Bike, hike, or run through the Don Valley Trails and you’ll be amazed by the forestation and integration of natural wildlife so close to the city’s centre. But it wasn’t always like that. Due to economic booms and increased urbanization, the nature suffered immensely, and with this realization, the city has worked hard to rehabilitate the area. Now, the Don Valley serve as a cultural and recreational space for all walks of life, connecting some of our most favoured neighbourhoods. Take in a montage of the scenery, the art, the wildlife, the solitude, or come together with a group of runners.
Nature’s pretty and all, but the streets of Toronto are taken over by runners daily, especially in the bustling downtown core. It’s also a much faster and efficient way to see some of the diverse neighbourhoods. The route is a nice mix of older residential sites and some of the more modern complexes. And if you want to cover more ground, start near King West and head north on Spadina until you hit Dundas. From there, you can continue the regular downtown route, but this way, you’ll also get to see parts of Chinatown.
Everyone needs to start somewhere, and Queen’s Park is the best place for novice runners or those looking for some lighter fare on rest days. Although it’s a short loop, it’s a great alternative to the track — the sights and structures will help make it feel like you’re not just running in circles the entire time. Want to make it more challenging? Start from further out and finish with a sprint around, or incorporate it into a longer run. The options are endless.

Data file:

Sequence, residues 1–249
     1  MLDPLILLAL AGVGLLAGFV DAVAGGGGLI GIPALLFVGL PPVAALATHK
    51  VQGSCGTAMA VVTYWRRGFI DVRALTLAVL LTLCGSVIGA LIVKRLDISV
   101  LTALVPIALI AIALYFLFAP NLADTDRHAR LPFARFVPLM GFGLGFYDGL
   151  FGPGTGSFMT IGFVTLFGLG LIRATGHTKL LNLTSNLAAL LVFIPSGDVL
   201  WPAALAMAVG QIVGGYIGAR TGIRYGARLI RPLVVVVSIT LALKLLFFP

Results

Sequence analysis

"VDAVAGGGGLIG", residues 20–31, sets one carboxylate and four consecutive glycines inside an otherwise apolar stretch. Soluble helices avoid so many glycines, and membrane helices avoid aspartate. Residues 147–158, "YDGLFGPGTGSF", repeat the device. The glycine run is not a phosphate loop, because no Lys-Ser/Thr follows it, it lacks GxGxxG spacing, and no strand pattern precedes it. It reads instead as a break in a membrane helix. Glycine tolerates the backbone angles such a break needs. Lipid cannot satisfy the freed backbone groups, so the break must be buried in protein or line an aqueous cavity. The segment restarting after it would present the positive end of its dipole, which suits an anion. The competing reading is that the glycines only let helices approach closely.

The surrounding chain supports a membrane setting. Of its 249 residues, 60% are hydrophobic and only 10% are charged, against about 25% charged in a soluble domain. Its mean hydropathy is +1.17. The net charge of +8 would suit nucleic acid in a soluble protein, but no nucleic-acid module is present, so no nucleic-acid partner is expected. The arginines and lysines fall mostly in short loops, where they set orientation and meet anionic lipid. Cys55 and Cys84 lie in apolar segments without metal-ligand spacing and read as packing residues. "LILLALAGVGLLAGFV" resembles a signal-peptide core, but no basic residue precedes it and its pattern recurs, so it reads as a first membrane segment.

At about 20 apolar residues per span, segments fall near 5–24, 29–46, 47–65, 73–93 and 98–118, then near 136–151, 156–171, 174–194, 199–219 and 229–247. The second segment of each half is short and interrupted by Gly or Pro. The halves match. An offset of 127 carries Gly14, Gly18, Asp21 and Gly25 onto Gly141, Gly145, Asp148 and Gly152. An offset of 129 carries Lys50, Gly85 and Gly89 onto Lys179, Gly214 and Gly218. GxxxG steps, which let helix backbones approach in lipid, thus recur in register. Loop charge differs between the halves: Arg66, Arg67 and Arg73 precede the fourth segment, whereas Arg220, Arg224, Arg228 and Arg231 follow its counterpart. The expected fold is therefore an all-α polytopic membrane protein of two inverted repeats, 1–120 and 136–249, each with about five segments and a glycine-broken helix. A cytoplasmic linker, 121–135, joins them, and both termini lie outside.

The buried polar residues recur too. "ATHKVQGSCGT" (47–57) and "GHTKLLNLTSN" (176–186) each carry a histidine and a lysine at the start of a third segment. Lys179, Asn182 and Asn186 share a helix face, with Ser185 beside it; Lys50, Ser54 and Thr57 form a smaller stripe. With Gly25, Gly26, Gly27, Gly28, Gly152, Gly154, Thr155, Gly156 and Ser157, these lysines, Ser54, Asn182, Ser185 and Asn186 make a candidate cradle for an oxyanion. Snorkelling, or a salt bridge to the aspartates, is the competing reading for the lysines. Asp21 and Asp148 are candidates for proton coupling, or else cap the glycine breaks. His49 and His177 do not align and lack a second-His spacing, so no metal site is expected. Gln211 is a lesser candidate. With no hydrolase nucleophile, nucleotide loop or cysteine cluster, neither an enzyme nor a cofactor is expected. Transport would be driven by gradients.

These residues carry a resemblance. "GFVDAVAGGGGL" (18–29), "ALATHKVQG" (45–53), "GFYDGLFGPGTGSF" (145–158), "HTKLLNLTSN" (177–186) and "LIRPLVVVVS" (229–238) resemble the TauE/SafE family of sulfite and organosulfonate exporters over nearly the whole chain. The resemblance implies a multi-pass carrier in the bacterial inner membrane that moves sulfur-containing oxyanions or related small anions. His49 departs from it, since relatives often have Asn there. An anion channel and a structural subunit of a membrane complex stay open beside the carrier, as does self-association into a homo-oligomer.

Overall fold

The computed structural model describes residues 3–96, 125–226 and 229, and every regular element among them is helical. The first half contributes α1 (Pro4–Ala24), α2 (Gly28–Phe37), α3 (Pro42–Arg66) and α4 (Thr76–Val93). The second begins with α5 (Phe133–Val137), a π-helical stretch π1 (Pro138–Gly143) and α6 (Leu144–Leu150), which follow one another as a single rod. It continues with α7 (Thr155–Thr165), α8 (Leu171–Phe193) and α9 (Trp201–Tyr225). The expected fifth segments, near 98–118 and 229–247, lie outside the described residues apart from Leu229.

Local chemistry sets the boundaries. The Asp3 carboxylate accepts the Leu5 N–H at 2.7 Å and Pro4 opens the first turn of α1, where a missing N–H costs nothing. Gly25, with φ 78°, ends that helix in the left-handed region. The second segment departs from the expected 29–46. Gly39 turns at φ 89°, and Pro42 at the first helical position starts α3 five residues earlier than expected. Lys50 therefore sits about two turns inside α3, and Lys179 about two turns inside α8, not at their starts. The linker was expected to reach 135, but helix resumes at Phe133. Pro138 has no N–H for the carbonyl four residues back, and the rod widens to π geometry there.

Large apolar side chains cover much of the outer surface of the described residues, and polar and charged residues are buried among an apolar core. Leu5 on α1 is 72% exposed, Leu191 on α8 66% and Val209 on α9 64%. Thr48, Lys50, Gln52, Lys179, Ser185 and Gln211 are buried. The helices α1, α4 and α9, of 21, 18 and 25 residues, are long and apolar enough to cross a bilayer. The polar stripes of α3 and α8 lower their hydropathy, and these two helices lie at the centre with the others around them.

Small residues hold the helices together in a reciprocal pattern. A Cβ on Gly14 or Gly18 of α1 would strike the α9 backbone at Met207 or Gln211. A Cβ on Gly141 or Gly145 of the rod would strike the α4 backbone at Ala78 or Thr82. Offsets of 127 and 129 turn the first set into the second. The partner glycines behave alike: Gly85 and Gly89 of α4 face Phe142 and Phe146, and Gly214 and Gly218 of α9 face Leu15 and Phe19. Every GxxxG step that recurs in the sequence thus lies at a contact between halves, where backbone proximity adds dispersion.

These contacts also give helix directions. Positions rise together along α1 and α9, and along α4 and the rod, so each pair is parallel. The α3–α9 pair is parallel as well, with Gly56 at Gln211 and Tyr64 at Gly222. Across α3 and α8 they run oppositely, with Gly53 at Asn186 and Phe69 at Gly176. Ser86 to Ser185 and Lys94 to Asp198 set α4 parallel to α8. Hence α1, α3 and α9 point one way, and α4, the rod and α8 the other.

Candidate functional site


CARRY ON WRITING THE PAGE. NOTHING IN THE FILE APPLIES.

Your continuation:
Humber River is like the Don Valley of the west. And this trail is actually a vital link to Toronto’s past. It’s home to old trading routes between European settlers, old water mills, and our first industrial building. The parks and trails are a nice blend between wildlife and built structures, which is is perfect for when you want to zone out hard but still want to make it back in time for dinner.
Looking to become a morning runner? Go for a run at Humber Bay Park, where you’ll catch one of the most remarkable sunsets across the high-rises of downtown. It might just convert you into an early riser. But, technically, a pretty sunrise would mean the sunset’s just as sensational. Let’s just say, with its location, Humber Bay Park makes for a perfect run any time of day.
Reach Scarborough Bluffs and it’ll feel as if you’ve travelled to a tropical island or a southern European coastline. Well, you haven’t — you’re still in Toronto, but a run at the popular Bluffer’s Park will grant you unbelievable sights from atop the cliffs. If you’re ever feeling FOMO from your friends’ travel ’grams, then just take a quick jog down to the southeast end of the city. You’ll get the travel sights without spending a dime and get fit at the same time. It’s a win-win.
The waterfront trail stretches throughout southern Ontario, but the Martin Goodman Trail section is an idyllic Toronto run. It’s a 56-kilometre route that is also featured in Toronto’s annual Waterfront Marathon. This makes it ideal for long-distance training, although it’s welcome to all levels. Plus, there are many entry points, whether it be High Park, Harbourfront Centre, or Ashbridges Bay. It’s got the water on one side and the high-rises on the other. Run parts or run it all — you couldn’t ask more from a scenic trail.